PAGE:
NMPBS ¡COLORES!: Navajo Photographer William Wilson

NMPBS ¡COLORES!: Navajo Photographer William Wilson


WILLIAM WILSON BRINGS NATIVE ORAL TRADITION
TO PORTRAITURE. Hakim Bellamy: You know as a poet what I really
adore in learning about your work and what you do is that it is story telling during
the process with your subject and so could you talk a little more about that?
William Wilson: It’s about an exchange; it’s the critical indigenous photographic exchange,
CIPX for short. So I invite people to come and have a conversation generally around photography.
I ask them how they’d like to be imaged. It’s at process that they’re kind of engaged in,
involved in and learning about and at the end of that process I actually give them the
original tintype. So the silver object that kind of holds their image.
WW: I grew up kind of cross culturally. My father was Irish and Welch and my mom is Navajo.
So I move between the Navajo reservation and San Francisco California. I’m not fluent in
Navajo. Certainly older generations in my family didn’t speak English and so it was
very difficult for me to communicate and oral tradition I think is a very important aspect
these too, like there’s a certain knowledge base and repertoire which you have to be able
to share and exchange in order to describe who you are in a way you know. I think it’s
enabled me to have this conversation about representation, about history about the power
of media in some ways. And maybe even the ceremony that happens when you sit down and
have that kind of exchange. HB: That’s beautiful I like that idea about
ceremony. WW: Yeah…
HB: I like that very much. What inspired you about using this particular method?
WW: There is something beautiful about the alchemy of photography I think. The silver,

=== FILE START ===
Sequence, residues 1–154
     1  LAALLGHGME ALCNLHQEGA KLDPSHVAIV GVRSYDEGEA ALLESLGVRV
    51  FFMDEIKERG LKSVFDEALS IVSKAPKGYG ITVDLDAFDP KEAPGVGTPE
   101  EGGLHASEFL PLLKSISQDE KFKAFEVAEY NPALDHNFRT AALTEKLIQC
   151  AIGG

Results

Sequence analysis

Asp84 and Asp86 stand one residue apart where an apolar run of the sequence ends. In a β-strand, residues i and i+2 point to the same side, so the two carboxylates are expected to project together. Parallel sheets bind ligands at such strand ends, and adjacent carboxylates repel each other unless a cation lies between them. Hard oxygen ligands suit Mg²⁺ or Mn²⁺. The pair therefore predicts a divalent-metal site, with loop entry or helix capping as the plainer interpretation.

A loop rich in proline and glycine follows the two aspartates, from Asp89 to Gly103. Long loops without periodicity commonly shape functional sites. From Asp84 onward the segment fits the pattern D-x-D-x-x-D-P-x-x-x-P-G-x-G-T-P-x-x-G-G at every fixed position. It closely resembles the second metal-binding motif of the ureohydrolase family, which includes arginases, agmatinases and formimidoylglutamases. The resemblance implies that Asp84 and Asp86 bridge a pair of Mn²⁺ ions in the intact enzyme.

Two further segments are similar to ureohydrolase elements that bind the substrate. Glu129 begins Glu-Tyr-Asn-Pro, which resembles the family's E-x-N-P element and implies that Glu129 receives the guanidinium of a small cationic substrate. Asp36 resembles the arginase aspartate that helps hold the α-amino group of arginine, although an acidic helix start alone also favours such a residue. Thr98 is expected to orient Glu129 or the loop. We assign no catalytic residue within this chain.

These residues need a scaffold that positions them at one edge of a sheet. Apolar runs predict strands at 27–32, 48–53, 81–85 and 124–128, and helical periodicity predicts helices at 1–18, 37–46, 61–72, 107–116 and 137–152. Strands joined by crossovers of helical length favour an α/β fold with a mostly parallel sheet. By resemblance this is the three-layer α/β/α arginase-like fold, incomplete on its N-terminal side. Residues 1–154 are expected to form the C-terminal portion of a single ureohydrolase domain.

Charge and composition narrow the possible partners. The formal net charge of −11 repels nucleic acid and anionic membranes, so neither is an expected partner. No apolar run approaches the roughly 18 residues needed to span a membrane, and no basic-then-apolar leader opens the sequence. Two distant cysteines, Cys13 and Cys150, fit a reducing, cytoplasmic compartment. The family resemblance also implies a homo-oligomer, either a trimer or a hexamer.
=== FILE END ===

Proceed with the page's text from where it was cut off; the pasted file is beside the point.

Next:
light, chemistry, chance. HB: Could you talk a little more about the
tintype and the beginning of that conversation with the subject?
WW: So the tintype is a historic photographing process. It was invented in 1851. The tintypes
that I’m making are using the exact same formulas and the chemistry from the 19th century. It’s
called wet plate collodian because I’m actually making my own emulsion. And making it on a
metal plate and the process has to stay we throughout. After I pull it out of this bath
of silver nitrate it’s light sensitive and I have about a ten minute window to make my
exposure and then get back into my portable dark room that I brought with me. The project
is also about kind of relationships and about you know what it means to have your portrait
taken and what it means to be a photographer. Kind of engaging people in this. So I get
to run them through the whole process. They get to see like a photograph being developed.
At the end you know we get to walk away with this thing that happened between us and also
kind of a beautiful object. It’s like a relational aesthetic that brings like the ethics of making
images back into the process. That’s why I talk about it in terms of ceremony.
HB:Yeah. WW: It’s important.